Yes. People with immunocompromise includes those who have a medical condition (such as cancer or HIV infection) or are taking medications that weaken their immune system. People with immunocompromise have a higher risk of severe illness from COVID-19. Therefore, the Australian Government strongly recommends people with immunocompromise receive a COVID-19 vaccine. Both the AstraZeneca and Pfizer COVID-19 vaccines are safe in people with immunocompromise. For more information please see; https://www.health.gov.au/resources/publications/atagi-covid-19-vaccination-shared-decision-making-guide-for-people-with-immunocompromise.
Yes. People who are pregnant are eligible to receive an mRNA COVID-19 vaccine (i.e. Pfizer or Moderna). It is now recommended that pregnant people are routinely offered Pfizer or Moderna vaccine at any stage of pregnancy because the risk of severe outcomes from COVID-19 is significantly higher for pregnant people and their unborn baby. The Australian Technical Advisory Group on Immunisation (ATAGI) has advised that there is a body of evidence supporting the safety of mRNA COVID-19 vaccines in pregnancy. Pregnant people who received their first dose of the AstraZeneca vaccine without serious side effects can receive a second dose of either AstraZeneca, Pfizer or Moderna vaccine – although Pfizer and Moderna are preferred.
If you are breastfeeding, you can receive the Pfizer, Moderna or AstraZeneca vaccines. You do not need to stop breastfeeding after vaccination and breastfeeding may even be protective as early evidence demonstrates that antibodies from people vaccinated can pass through breastmilk to the breastfeeding infant.
If you are planning pregnancy, you can also have the Pfizer. Moderna or AstraZeneca vaccines. You do not need to have a pregnancy test before vaccination.
For more information, please see; https://www.health.gov.au/resources/publications/covid-19-vaccination-shared-decision-making-guide-for-women-who-are-pregnant-breastfeeding-or-planning-pregnancy.
No. Vaccination with any of the Australian-approved COVID-19 vaccinations does not affect fertility.
For more information please see; https://www.health.gov.au/initiatives-and-programs/covid-19-vaccines/is-it-true/is-it-true-do-covid-19-vaccines-cause-infertility.
Currently, all adolescents aged 12 – 17 are eligible to receive either the Pfizer or Moderna vaccines. Young adults aged 18 and above are eligible to receive either the Pfizer, Moderna or the AstraZeneca vaccine.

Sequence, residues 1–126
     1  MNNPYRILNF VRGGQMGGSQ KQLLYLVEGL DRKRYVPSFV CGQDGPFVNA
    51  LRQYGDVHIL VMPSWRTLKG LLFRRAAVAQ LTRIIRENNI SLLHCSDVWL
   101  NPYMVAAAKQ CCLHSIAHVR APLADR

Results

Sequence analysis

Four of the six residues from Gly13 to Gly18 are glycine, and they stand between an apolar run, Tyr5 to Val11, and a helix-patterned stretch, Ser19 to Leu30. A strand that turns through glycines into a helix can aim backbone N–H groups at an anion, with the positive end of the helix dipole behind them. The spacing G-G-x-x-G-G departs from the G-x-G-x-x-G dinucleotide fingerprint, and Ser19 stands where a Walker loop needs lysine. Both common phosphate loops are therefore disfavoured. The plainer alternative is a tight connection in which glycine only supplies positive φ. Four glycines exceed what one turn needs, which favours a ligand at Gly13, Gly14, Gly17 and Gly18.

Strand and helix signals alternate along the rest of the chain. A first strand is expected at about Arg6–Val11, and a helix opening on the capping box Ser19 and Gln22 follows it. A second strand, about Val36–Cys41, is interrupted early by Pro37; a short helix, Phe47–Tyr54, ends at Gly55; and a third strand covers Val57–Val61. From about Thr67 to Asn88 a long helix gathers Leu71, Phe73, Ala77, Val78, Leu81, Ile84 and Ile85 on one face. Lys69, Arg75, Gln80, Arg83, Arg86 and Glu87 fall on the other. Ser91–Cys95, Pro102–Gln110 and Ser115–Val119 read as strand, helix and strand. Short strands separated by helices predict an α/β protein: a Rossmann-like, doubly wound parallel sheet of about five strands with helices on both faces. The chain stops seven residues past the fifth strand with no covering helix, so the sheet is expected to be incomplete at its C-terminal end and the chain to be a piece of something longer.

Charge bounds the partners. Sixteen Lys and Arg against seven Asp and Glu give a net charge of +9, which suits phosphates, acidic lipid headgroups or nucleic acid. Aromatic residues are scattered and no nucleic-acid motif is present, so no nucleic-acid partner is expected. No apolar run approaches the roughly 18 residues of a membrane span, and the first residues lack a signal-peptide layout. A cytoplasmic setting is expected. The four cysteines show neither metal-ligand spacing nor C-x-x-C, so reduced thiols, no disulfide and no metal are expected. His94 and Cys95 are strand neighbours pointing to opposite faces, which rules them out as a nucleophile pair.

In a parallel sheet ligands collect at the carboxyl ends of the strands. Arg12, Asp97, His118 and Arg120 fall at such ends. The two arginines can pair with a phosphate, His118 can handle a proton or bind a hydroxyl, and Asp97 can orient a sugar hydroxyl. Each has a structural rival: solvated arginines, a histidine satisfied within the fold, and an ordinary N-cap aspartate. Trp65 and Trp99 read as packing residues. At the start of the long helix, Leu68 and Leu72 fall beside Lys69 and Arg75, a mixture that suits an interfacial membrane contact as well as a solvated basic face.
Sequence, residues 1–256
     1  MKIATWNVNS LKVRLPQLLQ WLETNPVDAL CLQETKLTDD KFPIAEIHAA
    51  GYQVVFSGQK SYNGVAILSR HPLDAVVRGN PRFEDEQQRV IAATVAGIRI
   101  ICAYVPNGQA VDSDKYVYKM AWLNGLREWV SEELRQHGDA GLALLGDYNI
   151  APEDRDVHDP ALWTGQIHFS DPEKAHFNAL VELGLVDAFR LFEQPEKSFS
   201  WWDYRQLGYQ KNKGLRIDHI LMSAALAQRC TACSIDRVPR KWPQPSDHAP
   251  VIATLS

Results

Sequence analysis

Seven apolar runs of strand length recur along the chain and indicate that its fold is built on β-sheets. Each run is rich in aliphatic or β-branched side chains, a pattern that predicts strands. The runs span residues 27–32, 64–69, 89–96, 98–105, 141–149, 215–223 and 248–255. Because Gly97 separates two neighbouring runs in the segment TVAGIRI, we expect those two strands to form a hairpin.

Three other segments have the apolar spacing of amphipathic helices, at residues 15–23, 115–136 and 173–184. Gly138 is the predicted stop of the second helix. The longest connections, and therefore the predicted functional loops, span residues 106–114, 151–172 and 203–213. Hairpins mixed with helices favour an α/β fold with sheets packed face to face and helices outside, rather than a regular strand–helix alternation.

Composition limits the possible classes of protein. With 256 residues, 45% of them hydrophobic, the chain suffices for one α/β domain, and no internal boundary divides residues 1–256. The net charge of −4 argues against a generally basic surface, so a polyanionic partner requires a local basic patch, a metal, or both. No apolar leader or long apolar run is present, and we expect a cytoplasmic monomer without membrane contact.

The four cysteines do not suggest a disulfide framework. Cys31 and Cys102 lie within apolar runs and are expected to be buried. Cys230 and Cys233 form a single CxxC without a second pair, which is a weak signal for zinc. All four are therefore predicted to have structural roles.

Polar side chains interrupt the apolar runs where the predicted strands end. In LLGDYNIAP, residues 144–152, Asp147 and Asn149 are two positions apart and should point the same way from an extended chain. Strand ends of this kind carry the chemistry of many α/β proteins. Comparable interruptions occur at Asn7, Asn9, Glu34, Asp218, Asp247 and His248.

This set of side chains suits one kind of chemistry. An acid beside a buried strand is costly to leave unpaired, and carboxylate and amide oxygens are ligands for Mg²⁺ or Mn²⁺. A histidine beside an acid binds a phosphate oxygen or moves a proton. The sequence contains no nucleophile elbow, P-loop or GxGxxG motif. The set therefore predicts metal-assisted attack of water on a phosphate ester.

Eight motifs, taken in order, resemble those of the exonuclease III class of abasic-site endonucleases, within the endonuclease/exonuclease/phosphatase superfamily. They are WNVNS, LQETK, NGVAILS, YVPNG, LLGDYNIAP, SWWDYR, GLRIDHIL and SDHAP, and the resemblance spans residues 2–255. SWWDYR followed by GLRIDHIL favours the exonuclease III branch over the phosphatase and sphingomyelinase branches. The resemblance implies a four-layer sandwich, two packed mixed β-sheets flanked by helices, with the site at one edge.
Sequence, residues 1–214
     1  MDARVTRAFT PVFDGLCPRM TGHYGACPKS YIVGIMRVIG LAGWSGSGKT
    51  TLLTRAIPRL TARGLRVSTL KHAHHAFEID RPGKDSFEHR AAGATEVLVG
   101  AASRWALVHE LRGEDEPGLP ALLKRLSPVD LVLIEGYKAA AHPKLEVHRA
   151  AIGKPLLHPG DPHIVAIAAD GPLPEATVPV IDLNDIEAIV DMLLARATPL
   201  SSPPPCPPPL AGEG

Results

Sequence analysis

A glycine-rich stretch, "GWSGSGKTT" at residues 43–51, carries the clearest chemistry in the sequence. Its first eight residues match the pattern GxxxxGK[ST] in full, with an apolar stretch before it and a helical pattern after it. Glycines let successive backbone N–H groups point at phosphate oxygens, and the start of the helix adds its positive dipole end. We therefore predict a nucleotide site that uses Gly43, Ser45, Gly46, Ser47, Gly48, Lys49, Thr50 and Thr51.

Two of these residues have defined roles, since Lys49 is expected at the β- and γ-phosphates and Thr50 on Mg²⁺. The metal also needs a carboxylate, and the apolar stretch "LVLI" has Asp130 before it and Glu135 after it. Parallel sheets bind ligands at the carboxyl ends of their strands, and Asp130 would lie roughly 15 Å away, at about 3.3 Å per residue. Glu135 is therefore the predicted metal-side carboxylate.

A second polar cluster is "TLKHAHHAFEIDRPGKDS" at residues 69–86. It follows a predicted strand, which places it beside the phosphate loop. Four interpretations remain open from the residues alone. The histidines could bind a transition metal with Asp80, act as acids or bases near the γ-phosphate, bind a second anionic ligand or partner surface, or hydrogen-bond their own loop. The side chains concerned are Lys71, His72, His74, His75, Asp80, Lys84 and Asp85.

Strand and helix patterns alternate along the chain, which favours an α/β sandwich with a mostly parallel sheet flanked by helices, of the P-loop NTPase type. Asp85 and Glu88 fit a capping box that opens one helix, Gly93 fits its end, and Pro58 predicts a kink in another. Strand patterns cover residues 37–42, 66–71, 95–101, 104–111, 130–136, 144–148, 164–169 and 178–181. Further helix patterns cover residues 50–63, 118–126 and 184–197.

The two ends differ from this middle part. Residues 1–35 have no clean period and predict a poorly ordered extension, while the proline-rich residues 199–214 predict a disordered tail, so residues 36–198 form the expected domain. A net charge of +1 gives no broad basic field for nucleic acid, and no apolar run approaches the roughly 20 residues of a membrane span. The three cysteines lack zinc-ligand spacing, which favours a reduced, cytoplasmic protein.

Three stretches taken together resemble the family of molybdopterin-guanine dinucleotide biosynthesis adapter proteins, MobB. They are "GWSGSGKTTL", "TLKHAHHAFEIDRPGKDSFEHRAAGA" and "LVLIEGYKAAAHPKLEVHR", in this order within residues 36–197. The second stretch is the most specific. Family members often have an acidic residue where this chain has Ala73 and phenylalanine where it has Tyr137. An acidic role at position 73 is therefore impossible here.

Currently children aged under 12 years are not yet eligible for COVID-19 vaccination in Australia. This is because the safety, efficacy and effectiveness of COVID-19 vaccines for these ages is still being studied.
As research continues into COVID-19 vaccines, studies are being expanded to include younger children. Various studies underway in other countries are examining COVID-19 vaccines in children aged between 6 months and 17 years. Once published, the results of these studies will provide further information about the risks and benefits of vaccinating young children against COVID-19. Research into vaccines in young children may also be conducted in Australia in the future.
Yes. If you have had other types of blood clots in the past, such as deep vein thrombosis (DVT) or pulmonary embolism (PE), or if you have risk factors for blood clots, you can still have the AstraZeneca vaccine. There is no evidence that people who have had a past history of other types of blood clots have an increased risk of developing thrombosis with thrombocytopenia (TTS) or becoming more ill from it if it occurs.
People with the following conditions can receive the AstraZeneca COVID-19 Vaccine:
Pfizer or Moderna vaccine is recommended in people who have a past history of cerebral venous sinus thrombosis, heparin-induced thrombocytopenia, idiopathic splanchnic (mesenteric, portal, splenic) vein thrombosis or antiphospholipid syndrome with thrombosis given the similarities between these certain rare conditions and TTS.
Yes. Provided that your dose of blood thinner (eg. warfarin) is stable and your INR is less than 3.0. If you have a bleeding disorder or low platelets of less than 20, please notify your GP.